According to current and former U.S. officials who have been briefed on the classified intelligence, Iran has sent trainers to occupied Ukraine to help the Russians overcome problems with the fleet of drones that they purchased from Tehran. This is another signal of the growing closeness between Iran and Russia since Moscow’s invasion of Ukraine.
Many of the drones have been stationed at the Russian military installation in Crimea ever since they were supplied from Iran, and this is where the Iranian trainers are conducting their operations from. The Islamic Revolutionary Guards Corps, a component of the Iranian armed forces that the United States government classifies as a terrorist group, is providing the training here.
In recent days, Iranian drones have become an essential weapon for Russia, which has employed them as part of the sweeping attacks throughout Ukraine on electrical infrastructure and other civilian targets. Russia’s deployment of these drones has made them a key element of the Russian military’s arsenal. It would seem that the deployment of Iranian trainers coincides with an increase in the use of drones in Ukraine, which is indicative of a greater engagement on the part of Iran in the conflict.
According to Mick Mulroy, a former senior Pentagon official and veteran C.I.A. officer, the act of sending drones and trainers to Ukraine has “enmeshed Iran extensively into the battle on the Russian side and implicated Tehran directly in operations that have killed and maimed people.”
Even if they are just acting as trainers and tactical advisors in Ukraine, Mr. Mulroy believes that this is a significant development. The human rights body of the United Nations has indicated that attacks on civilian targets that are carried out on purpose may constitute crimes against humanity.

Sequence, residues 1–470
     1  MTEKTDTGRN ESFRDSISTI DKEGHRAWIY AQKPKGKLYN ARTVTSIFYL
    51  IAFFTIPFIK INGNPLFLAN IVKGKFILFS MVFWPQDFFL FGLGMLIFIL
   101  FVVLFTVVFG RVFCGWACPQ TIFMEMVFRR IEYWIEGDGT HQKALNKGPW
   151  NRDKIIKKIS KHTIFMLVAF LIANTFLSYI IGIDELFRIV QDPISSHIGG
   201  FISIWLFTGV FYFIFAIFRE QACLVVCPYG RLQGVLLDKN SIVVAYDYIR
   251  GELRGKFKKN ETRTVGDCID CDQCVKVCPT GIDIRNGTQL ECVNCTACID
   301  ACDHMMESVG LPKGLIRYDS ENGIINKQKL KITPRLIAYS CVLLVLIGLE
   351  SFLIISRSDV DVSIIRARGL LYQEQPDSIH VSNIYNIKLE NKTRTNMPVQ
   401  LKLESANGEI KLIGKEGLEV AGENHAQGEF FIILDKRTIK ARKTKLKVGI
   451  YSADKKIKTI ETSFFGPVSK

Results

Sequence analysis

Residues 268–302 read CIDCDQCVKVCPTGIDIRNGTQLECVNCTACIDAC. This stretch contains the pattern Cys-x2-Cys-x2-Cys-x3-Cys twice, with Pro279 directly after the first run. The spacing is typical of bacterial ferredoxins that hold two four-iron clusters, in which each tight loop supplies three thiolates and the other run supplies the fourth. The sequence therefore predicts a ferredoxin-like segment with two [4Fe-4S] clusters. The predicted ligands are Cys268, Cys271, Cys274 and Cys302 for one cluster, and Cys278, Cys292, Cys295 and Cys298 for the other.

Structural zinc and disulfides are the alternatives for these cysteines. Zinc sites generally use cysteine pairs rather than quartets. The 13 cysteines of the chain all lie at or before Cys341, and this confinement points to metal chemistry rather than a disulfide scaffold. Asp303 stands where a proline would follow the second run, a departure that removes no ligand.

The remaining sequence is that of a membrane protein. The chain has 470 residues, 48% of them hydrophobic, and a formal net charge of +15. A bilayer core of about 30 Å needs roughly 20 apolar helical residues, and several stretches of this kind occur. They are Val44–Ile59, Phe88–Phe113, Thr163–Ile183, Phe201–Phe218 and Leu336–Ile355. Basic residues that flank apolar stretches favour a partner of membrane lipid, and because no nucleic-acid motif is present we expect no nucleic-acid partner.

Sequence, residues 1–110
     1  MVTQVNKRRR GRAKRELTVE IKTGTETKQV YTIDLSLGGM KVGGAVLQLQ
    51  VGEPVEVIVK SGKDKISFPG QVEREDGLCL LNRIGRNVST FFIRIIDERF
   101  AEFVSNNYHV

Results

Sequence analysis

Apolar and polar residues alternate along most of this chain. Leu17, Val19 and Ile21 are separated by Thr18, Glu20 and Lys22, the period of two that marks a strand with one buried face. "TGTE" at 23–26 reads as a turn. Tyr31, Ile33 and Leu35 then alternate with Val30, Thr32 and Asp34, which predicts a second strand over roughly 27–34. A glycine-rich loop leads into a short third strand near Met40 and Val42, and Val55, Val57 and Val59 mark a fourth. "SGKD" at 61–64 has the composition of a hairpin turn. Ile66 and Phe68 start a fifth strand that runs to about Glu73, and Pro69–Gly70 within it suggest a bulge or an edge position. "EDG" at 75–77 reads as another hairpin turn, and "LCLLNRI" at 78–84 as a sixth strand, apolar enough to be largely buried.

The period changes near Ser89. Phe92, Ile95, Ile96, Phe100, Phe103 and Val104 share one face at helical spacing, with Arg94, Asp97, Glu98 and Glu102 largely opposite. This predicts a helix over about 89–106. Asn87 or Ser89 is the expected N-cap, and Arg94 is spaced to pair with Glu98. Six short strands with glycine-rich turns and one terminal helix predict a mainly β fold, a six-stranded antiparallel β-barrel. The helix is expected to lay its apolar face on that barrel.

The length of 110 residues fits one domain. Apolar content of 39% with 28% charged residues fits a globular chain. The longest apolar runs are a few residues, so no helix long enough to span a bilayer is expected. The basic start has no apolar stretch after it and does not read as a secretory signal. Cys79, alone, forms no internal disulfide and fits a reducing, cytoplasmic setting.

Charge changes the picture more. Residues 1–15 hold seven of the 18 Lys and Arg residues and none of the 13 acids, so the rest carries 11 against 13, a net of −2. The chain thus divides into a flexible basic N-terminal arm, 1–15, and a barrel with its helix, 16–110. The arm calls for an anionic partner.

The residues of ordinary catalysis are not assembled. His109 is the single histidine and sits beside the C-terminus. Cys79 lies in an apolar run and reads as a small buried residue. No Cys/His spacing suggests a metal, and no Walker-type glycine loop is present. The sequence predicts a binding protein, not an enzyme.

When Iran sent the first batch of drones to Russia, the Russian operators piloted them incorrectly, which made the drones unusable. According to authorities from the United States, mechanical concerns also contributed to the aircraft being grounded and restricted their effectiveness.
Initially, Russia had its people undergo training on drones in Iran. Iran was the training location. But as the issues persisted, Iran decided to deploy its trainers to Crimea, according to current and former officials, who talked on the condition of anonymity to discuss secret topics. They did so in order to protect the confidentiality of the information they were discussing.
According to the authorities, the Iranian soldiers are not near the front lines and are instead assigned to teach the Russians how to operate the drones. This training is taking place distance from the conflict zone. It is unclear if the trainers themselves are operating any of the planes in any capacity. The exact number of trainers that Iran has sent was not immediately evident.